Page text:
We planned the following itinerary:
Trekking in Hapao Rice Terraces, overnight in Banaue
Start 2-day trek from Banaue terraces to Pula village/terraces to Cambulo village/terrace. Overnight in Cambulo village. Trek from Cambulo village to Batad rice terraces and waterfall. Overnight in Batad guest house.
Back to Banaue and take the overnight bus back to Manila
Do you need a guide?
You do need a guide to do the village-to-village trek. That’s why I hired Nora.
Trekking Guide – Nora Atolba – email: [email protected]
If you just want to go to the terraces by car or walk a bit through them you don’t necessarily need a guide. However, guide rates are very reasonable and you could also book a tour that includes the bus from Manila like this one.
What gear do you need to hike?
I think the most important thing to have is hiking poles. Hiking through the terraces from village to village is an immense amount of up and down. It’s tough on the knees. Plus, often times I found myself on narrow little ledges through the rice fields. The hiking poles will help with balance and your knees.
I also recommend:
- Proper waterproof hiking boots
- Raincoat or poncho
- Wool socks that dry quickly
- Silk sleep sheet for the guesthouses
- Travel towel
Don’t Leave Without This Essential Hiking Gear
I’ve hiked all around the world and have found some key gear that I take on every hike for every kind of weather. From backpacks to socks, check out my list of the best hiking gear out there!
Meeting My All-Female Hiking Team
My lunch was packed, my sunscreen was on, my backpack was prepared, and my chariot tricycle pulled up outside my hotel. Tricycles in the Philippines are a motorcycle and sidecar that is enclosed. It’s not very comfortable, but it is affordable. When the trike pulled up, it appeared to be already full – I was slightly confused.
Nora greeted me and introduced Joy, a tall, young local woman. Nora explained that she hired Joy as my porter and wanted to know if it was ok that my porter was a female. My answer of course was an excited “Yes!”. I was already pretty excited that I had found a female guide in Nora, but this kept getting better! I’m all for girl power, so I had no issues with Joy being the porter; in fact, I was actually quite impressed and proud to be trekking with an all-girl team!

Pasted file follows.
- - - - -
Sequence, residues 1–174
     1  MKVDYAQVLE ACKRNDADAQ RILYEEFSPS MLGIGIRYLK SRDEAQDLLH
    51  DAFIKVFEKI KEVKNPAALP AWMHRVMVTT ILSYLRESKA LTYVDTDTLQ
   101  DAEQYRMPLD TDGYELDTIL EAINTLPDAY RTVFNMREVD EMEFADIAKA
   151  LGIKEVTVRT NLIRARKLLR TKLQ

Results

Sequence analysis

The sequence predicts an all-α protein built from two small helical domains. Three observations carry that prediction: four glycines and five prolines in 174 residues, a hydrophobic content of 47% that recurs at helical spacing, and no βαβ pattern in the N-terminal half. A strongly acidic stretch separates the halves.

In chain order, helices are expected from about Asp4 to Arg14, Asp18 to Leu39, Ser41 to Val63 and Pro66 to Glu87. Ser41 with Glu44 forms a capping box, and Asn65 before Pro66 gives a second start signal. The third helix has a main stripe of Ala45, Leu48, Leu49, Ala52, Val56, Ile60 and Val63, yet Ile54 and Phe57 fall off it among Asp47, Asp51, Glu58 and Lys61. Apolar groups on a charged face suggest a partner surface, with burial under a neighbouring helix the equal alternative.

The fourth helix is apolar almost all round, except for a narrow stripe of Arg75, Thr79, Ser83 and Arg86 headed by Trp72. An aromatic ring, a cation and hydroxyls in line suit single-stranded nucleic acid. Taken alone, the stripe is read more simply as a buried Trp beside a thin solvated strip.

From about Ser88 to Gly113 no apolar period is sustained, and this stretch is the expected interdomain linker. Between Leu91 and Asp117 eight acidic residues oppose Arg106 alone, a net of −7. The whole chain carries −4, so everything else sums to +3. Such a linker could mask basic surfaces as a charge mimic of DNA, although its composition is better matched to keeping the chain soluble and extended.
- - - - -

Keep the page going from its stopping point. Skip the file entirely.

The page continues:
However the all-girl team didn’t end there, a young girl also got off the trike and Nora introduced her as Karina, Joy’s 12-year-old niece. She said that Karina didn’t have school this week and wanted to know if it was ok to tag along with us. Hell, when I arrived here I was a bit worried about being a solo traveler – but now I had an instant female entourage – I welcomed the company! My entourage of girls was really a unique experience for me in my travels. I loved the fact that these women were out working in professions that were normally dominated by men.
Philippine Tricycles are an Adventure
The 5 of us, including our driver Yazzer, squeezed into the tricycle meant for 2 and took off. Our first early morning stop was the world-famous Banaue Rice Terraces. There are terraces all over this area of the Philippines, however, the Banaue and the Batad rice terraces seem to be the highlights of the area.
We climbed up a bumpy dirt road and had to try to counterbalance our weight and sit forward so that the whole bike wouldn’t tip over backward…which actually happened once already! The trike’s front wheel went airborne and Karina and Joy fell off the back! They got up, dusted themselves off, and hopped back on; they passed my test on toughness. In fact, it was then that I realized that I was probably the wimpiest chick in this group!
Banaue Rice Terraces
The Banaue Terrace viewpoint was one of those few places in the world that really took my breath away. That overwhelming rush of excitement that you get when you see something truly incredible came sweeping over me and left me rather speechless.